I write about this a lot. I do because it is a struggle for me and when I have these insights I like to dwell on them and express them with the hope that it will somehow change my behavior.
I find myself frequently discussing with my husband the choices of others. Recent experiences in my life have called into question the productivity of these discussion. Often it is harmless, just sharing and expressing of opinions. But many times it becomes judgemental and critical. This is what has been eating at me.
I am constantly observing people in my life and analyzing their choices according to what I would do, or what I think they should do. Sadly more often than not I think that my way is the right way. Even if I could be 100% sure that in the same situation I would do what I deem to be the “right” thing, that doesn’t take into account many things. It doesn’t consider the gifts of understanding, faith or character that Heavenly Father has blessed me with. Nor does it account for blessings I have been given regarding the way I was raised or experiences in my life that have shaped me. Of course God expects us to make the right choice no matter these other things, but he will extend mercy according to them. Even with my gifts and blessings I still make mistakes, give in to temptation and become frustrated with my weaknesses. I compare myself to others who were given gifts and blessings to be strong in the areas I am weak. I dearly hope that the Lord will show that same mercy unto me.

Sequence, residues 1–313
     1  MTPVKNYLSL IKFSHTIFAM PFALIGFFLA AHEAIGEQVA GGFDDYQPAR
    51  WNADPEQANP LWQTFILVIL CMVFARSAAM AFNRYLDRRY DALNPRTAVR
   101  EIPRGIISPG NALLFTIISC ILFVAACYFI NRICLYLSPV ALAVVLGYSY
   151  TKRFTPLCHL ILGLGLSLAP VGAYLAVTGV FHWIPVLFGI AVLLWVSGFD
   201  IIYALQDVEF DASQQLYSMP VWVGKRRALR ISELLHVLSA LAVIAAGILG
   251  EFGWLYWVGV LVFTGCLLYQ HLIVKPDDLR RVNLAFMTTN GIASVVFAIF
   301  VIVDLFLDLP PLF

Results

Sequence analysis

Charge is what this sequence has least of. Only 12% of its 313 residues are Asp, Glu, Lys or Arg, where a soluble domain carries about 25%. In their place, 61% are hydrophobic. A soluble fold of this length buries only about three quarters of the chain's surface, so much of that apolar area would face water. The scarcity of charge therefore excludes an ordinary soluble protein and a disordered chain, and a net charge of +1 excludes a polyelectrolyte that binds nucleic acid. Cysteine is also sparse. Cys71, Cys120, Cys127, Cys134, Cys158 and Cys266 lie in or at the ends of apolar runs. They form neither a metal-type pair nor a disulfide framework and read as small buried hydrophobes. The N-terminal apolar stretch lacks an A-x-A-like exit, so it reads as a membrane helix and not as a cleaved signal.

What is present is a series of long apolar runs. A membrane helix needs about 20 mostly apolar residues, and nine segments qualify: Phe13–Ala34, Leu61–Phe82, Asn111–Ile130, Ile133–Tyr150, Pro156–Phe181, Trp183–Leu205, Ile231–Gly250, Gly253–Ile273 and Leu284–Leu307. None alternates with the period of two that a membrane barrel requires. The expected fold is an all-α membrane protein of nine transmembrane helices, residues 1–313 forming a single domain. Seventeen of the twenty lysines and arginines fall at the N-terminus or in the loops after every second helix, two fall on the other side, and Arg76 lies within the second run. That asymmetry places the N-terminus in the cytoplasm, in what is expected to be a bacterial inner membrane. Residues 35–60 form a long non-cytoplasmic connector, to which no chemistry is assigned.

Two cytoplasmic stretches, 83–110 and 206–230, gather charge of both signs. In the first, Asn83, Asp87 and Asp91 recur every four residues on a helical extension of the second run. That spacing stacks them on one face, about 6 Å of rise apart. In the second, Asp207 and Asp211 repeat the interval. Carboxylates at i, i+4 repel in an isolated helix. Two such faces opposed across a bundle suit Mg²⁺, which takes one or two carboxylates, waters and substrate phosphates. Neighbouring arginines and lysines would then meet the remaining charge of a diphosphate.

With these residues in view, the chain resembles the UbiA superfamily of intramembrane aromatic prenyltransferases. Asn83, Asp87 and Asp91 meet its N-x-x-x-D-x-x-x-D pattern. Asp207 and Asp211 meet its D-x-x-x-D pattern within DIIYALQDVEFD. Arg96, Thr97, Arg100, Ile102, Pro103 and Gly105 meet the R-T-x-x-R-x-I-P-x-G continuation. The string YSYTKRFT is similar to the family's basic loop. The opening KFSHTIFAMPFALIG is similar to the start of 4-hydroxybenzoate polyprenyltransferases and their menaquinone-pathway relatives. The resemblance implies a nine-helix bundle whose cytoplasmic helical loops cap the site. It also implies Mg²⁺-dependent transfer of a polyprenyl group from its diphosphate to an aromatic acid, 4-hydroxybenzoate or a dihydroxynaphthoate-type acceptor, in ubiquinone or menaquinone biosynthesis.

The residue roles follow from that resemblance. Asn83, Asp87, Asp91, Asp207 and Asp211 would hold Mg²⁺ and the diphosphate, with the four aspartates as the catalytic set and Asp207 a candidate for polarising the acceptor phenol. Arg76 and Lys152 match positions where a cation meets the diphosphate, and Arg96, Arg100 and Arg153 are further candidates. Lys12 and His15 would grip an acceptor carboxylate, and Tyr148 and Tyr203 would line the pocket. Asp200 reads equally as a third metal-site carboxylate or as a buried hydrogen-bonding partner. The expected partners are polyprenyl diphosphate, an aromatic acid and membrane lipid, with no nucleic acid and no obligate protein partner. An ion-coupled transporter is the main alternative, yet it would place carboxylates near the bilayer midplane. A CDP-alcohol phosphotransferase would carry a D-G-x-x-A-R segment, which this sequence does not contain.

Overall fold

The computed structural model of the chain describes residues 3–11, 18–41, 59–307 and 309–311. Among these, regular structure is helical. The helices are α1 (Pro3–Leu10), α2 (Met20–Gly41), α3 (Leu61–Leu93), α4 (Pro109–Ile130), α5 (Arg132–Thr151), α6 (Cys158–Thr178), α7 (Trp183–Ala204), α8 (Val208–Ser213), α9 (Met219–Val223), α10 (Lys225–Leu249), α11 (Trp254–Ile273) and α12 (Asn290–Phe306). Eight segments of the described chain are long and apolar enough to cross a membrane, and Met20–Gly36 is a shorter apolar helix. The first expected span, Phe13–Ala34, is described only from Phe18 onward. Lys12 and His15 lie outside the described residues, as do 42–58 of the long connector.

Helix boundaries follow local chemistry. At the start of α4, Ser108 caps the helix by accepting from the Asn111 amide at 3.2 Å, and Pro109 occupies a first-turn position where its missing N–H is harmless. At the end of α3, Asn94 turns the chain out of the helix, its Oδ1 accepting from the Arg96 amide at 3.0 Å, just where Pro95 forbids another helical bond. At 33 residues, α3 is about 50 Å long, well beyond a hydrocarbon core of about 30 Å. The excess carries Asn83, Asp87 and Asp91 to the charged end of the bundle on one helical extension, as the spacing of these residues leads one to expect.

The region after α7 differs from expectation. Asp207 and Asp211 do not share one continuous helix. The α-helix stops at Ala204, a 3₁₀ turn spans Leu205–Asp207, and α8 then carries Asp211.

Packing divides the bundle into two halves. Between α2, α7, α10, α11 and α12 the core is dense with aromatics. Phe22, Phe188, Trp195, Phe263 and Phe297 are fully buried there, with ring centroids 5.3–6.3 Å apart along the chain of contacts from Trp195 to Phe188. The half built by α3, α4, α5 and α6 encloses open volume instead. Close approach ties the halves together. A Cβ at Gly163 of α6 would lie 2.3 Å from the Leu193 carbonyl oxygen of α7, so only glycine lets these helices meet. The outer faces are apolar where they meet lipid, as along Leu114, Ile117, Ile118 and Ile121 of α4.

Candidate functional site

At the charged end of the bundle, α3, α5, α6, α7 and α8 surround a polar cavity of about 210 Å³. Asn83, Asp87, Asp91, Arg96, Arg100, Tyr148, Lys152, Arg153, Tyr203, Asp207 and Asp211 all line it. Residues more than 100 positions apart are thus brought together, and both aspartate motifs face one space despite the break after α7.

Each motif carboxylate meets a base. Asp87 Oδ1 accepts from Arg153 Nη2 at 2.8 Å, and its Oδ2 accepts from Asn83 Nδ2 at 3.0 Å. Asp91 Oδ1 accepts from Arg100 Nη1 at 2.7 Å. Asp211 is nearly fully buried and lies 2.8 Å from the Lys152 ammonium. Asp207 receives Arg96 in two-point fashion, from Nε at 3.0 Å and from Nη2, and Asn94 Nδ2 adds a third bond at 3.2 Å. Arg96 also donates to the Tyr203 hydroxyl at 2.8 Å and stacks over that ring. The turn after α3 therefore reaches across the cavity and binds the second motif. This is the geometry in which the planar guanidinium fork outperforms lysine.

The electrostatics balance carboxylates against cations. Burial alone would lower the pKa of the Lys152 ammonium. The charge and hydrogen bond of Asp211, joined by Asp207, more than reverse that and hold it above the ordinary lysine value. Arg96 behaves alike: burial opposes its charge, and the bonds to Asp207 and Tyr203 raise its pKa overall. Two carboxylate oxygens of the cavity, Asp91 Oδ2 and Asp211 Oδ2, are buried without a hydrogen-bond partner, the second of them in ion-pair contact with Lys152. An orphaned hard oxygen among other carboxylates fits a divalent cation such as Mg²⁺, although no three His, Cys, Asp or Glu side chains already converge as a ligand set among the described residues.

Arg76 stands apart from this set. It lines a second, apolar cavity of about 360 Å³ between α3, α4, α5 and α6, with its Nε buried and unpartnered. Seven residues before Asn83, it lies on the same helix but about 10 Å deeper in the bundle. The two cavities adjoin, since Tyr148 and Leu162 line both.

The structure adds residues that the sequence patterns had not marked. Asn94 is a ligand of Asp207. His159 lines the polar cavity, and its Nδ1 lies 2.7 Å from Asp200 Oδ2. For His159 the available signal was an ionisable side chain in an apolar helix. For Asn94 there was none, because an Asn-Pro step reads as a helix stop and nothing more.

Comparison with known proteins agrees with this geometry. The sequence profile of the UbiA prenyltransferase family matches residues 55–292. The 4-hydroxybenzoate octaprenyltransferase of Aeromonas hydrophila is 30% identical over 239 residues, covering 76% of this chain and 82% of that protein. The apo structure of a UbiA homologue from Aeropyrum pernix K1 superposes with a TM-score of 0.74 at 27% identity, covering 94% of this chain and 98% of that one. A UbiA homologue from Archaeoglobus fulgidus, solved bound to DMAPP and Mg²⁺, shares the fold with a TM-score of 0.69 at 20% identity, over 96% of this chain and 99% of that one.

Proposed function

It is like the quote says, our view of reality is only our view, not reality itself. My perspective of their choice is exactly that, my perspective. Even should I try and view their choice from their perspective I would be unsuccessful because I have little or no knowledge of their desires, feelings and sorrows.
Only we can know when we point out the mistakes and weaknesses of others if we are doing it in a condemning or judgemental way. Perhaps some are capable of doing it with a heart full of love and mercy. But I haven’t found this to be the case for me. President Monson teaches that even when someone’s weaknesses or errors are clear, “charity impels us to be sympathetic, compassionate and merciful.”
So why is it so hard?
UPDATE: I wrote this post a long time ago and never published it. Then I came across this post (go read the inspiring story) recently and was reminded of these thoughts and decided I’d share them.